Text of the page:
Great Plains Industries, Inc. (GPI) is known around the world for quality in the manufacturing of fuel transfer pumps, fuel meters, flowmeters, and industrial instrumentation. The applications for their products range across industries from fuel, agriculture, and chemical to manufacturing, construction, mining, and more. They’ve used KeyShot to create visuals for all aspects of their product process and we had the great opportunity to learn just how they use KeyShot from Interactive Media Designer at GPI, Laura Shank.

Great Plains Industries

Modeling software used: Autodesk Inventor, Fusion 360
gpi.net/ | gogpro.com/ | flomec.net/

What first sparked your interest in graphic design and lead to working with Great Plains?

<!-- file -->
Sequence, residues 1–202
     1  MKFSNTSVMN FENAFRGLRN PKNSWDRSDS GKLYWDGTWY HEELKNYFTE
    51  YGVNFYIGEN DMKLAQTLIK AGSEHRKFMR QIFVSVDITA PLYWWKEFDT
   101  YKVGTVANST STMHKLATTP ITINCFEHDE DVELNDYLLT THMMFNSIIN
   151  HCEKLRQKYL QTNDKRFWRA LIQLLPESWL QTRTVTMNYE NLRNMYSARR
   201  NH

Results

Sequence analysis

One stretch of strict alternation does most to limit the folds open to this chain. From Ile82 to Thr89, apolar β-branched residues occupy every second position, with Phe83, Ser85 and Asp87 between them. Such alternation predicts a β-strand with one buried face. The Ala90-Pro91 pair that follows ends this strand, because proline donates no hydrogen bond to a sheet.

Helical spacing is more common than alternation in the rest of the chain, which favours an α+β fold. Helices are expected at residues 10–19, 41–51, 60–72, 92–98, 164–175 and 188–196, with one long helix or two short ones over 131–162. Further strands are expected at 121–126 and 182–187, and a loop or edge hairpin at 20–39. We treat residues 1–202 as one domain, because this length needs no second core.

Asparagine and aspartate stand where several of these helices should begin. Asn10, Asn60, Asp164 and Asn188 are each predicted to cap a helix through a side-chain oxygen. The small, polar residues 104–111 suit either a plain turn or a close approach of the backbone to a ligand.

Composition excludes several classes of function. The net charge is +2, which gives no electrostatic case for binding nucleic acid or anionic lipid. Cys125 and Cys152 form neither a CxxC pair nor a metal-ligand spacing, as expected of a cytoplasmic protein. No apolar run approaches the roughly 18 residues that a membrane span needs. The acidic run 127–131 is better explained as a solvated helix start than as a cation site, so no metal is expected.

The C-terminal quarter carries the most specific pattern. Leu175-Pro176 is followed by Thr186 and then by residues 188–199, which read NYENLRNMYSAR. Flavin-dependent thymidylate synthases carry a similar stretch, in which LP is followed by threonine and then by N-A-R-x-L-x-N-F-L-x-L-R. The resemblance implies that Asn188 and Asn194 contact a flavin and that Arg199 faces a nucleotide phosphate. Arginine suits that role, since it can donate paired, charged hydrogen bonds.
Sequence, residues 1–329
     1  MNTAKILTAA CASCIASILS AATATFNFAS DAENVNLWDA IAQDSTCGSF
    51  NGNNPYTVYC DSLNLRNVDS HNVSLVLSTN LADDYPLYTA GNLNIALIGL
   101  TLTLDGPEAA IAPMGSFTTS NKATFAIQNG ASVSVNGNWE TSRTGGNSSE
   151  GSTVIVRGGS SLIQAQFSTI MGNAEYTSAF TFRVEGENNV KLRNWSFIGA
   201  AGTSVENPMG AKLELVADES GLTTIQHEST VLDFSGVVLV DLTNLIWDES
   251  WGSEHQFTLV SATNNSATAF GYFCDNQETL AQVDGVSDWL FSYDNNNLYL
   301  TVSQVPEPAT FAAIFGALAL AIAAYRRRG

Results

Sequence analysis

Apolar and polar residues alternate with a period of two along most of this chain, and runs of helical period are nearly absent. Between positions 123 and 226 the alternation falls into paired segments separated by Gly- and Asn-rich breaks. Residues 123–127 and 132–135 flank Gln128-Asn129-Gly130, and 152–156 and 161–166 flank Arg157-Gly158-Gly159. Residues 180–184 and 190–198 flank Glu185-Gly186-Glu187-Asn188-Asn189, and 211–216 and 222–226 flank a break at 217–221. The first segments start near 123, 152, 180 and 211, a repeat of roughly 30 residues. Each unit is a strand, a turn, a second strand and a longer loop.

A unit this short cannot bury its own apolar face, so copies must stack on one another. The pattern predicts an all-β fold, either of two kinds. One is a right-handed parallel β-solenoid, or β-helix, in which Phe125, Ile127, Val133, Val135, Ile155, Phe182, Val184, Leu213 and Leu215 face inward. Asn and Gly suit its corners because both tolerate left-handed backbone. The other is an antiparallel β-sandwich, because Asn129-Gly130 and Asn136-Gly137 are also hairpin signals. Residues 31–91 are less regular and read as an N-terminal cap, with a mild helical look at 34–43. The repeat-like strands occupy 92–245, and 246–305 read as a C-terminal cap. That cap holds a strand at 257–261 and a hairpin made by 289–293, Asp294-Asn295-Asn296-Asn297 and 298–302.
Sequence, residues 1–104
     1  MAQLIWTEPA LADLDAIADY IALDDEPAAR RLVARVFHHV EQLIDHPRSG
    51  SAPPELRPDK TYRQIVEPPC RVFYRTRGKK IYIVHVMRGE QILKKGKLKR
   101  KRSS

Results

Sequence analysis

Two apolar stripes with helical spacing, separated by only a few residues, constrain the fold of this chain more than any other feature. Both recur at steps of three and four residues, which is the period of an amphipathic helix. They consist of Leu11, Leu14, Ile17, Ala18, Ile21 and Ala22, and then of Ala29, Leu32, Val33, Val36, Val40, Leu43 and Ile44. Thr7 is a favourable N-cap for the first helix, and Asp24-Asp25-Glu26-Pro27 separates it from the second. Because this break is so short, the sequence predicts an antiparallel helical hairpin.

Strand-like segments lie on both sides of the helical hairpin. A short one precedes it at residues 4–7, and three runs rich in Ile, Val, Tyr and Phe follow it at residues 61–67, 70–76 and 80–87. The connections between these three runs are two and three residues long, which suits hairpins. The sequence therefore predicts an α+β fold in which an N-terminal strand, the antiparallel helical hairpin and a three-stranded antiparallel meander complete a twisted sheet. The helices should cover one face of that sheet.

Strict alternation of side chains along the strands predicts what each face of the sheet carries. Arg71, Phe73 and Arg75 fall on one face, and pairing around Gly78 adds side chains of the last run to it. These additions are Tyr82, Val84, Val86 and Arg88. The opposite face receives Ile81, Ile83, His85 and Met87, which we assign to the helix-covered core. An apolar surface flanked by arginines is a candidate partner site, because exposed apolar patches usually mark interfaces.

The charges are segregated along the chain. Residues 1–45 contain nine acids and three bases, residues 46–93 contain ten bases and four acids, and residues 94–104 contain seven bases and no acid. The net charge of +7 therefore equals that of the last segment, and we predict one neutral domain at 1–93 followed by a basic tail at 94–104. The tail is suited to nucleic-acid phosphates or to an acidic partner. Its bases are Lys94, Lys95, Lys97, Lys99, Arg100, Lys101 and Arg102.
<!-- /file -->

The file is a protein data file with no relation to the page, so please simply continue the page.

I’ve been interested in art and graphic design as long as I can remember and, really, always drawn more to technical graphics. My mom was a freelance board draftsman long before CAD was a thing, so I learned a lot from her about board drafting and illustration. I came to Great Plains through a connection to a friend who is a design engineer for GPI.

What is unique about the design process at Great Plains?
GPI has been in business for 45 years, so we are an older, well-established company but one that is continually making itself new again. Lean manufacturing practices and innovation are paramount for GPI. Our motto is, “Better Performance, Higher Quality, Lower Cost”, so these three principles are the first consideration for each new product design. Our roadmap for new product development has become very lively and robust across GPI’s three distinct product brands – GPI® and GPRO® which are both fuel transfer pump product lines, and FLOMEC® which is our flowmeter product line (flowmeters are used for anything from irrigation, golf course and turf maintenance, and water metering, to beer and wine production, or pharmaceuticals, any liquid processing really). It all adds up to the next few years being quite busy!

What is the primary 3D modeling software?